Facebook is asking its users to vote on some proposed policy changes and it may be the last time, unless a third of their users (300 million) log-on to vote against an update to Facebook’s Data Use Policy before next week.
About 538,000 users have voted, but it’s unlikely another 299.5 million will vote before the December 10 deadline, reports RT.com.
Elliot Schrage, Facebook's vice president for communications, public policy and marketing, wrote on a blog post: "In the past, your substantive feedback has led to changes to the proposals we made. However, we found that the voting mechanism, which is triggered by a specific number of comments, actually resulted in a system that incentivized the quantity of comments over their quality. Therefore, we're proposing to end the voting component of the process in favor of a system that leads to more meaningful feedback and engagement."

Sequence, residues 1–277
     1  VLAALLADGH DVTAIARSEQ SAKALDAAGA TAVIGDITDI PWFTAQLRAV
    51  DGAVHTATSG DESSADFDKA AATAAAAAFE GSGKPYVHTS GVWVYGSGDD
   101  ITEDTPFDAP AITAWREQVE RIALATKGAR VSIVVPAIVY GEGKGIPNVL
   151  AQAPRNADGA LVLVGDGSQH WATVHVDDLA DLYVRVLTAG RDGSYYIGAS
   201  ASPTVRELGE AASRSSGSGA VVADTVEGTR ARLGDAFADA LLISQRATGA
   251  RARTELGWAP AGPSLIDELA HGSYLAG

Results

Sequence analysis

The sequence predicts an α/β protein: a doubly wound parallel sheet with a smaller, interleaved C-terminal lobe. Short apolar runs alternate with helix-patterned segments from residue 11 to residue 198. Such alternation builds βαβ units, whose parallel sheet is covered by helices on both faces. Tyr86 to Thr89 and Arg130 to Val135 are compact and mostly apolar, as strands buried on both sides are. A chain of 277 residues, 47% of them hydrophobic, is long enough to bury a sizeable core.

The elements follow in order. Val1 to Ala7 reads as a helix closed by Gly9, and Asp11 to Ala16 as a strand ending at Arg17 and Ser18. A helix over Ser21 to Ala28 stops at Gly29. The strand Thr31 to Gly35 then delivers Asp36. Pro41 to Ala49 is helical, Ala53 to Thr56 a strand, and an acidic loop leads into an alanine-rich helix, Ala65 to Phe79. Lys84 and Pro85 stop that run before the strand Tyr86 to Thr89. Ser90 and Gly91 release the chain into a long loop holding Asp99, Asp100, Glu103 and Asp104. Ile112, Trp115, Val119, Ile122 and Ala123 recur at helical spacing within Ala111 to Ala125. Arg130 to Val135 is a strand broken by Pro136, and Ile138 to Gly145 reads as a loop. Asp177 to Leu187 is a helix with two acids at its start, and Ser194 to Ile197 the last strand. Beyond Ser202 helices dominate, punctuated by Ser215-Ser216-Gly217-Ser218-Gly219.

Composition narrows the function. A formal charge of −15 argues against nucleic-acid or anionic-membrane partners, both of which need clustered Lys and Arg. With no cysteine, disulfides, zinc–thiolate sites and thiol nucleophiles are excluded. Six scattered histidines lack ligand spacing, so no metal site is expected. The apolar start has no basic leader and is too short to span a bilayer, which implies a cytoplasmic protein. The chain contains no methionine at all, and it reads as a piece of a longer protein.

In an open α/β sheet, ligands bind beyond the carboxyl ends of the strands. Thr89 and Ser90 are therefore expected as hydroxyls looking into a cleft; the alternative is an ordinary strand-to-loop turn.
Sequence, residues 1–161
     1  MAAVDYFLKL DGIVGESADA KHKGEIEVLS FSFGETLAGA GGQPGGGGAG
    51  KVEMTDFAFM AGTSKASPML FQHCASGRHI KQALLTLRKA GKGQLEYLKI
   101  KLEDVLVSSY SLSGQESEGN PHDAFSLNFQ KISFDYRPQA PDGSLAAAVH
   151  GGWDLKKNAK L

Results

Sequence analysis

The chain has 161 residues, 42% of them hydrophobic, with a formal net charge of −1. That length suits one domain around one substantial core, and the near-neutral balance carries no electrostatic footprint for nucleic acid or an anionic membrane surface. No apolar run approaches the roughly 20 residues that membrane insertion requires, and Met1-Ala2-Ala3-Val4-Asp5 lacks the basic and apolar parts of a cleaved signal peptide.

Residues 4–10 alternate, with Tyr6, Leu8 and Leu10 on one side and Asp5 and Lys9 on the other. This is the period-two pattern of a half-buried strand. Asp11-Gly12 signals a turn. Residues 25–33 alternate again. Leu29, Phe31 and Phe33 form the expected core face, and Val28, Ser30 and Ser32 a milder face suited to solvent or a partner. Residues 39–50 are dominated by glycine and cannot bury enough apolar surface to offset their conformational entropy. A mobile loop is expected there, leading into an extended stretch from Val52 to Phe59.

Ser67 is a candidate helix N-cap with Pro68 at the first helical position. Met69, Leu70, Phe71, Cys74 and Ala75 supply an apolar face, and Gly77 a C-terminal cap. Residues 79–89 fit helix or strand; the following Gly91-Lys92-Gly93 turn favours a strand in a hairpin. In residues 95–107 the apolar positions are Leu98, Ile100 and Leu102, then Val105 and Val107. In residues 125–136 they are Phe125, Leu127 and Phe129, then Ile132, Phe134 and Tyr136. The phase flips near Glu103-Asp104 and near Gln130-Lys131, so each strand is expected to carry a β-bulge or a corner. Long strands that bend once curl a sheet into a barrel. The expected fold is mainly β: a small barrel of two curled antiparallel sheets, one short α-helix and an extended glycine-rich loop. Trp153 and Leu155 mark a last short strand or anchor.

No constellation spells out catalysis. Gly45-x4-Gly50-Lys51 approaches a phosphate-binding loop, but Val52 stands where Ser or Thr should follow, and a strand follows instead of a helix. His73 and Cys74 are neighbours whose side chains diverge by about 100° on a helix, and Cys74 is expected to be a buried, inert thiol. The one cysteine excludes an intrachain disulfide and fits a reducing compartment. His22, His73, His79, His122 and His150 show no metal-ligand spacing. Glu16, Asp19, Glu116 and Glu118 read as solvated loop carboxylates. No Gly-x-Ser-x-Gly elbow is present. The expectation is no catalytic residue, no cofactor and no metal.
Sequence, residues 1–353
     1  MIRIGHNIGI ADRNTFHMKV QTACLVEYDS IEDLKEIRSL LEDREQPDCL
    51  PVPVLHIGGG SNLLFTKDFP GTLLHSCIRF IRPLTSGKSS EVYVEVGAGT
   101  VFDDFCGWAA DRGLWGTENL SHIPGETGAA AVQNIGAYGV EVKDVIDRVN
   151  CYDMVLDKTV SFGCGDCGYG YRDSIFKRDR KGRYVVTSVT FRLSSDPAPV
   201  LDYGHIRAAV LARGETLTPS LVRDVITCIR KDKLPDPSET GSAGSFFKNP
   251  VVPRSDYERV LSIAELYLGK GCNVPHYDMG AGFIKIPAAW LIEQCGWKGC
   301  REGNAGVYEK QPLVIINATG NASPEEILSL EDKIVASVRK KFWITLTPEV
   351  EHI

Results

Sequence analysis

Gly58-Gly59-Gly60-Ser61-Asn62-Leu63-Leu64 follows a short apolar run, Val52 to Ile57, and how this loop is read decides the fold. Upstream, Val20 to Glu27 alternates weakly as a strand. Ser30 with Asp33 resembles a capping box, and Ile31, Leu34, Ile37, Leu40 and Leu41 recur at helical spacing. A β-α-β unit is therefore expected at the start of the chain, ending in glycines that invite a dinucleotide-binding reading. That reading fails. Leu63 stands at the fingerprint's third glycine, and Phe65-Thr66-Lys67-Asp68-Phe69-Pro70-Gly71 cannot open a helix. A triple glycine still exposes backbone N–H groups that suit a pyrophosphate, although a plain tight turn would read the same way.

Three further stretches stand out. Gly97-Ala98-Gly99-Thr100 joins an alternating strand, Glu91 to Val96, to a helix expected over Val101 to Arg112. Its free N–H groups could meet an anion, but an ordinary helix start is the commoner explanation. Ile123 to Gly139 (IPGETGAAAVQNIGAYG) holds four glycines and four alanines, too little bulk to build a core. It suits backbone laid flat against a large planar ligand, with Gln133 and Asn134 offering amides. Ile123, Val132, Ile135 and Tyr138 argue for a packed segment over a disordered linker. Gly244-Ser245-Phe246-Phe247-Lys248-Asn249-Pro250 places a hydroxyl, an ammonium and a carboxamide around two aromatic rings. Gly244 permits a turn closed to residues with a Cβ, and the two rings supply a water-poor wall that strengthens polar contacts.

Facebook sent an email to users informing them of the change and how to vote, but voting is not that easy.
In order to vote against the proposed change, Facebook users have to visit the Facebook Site Governance page, then select the option ‘Existing Documents: The current SRR and Data Use Policy.'
Electronic Frontier Foundation's activism director, Rainey Reitman, said: “It is simply impossible to get 30 percent of the users to vote on anything on Facebook within 30 days.”
The Electronic Frontier Foundation and the Center for Digital Democracy have both signed a letter sent to Facebook CEO Mark Zuckerberg that says, in part, “because these proposed changes raise privacy risks for users, may be contrary to law and violate your previous commitments to users about site governance.”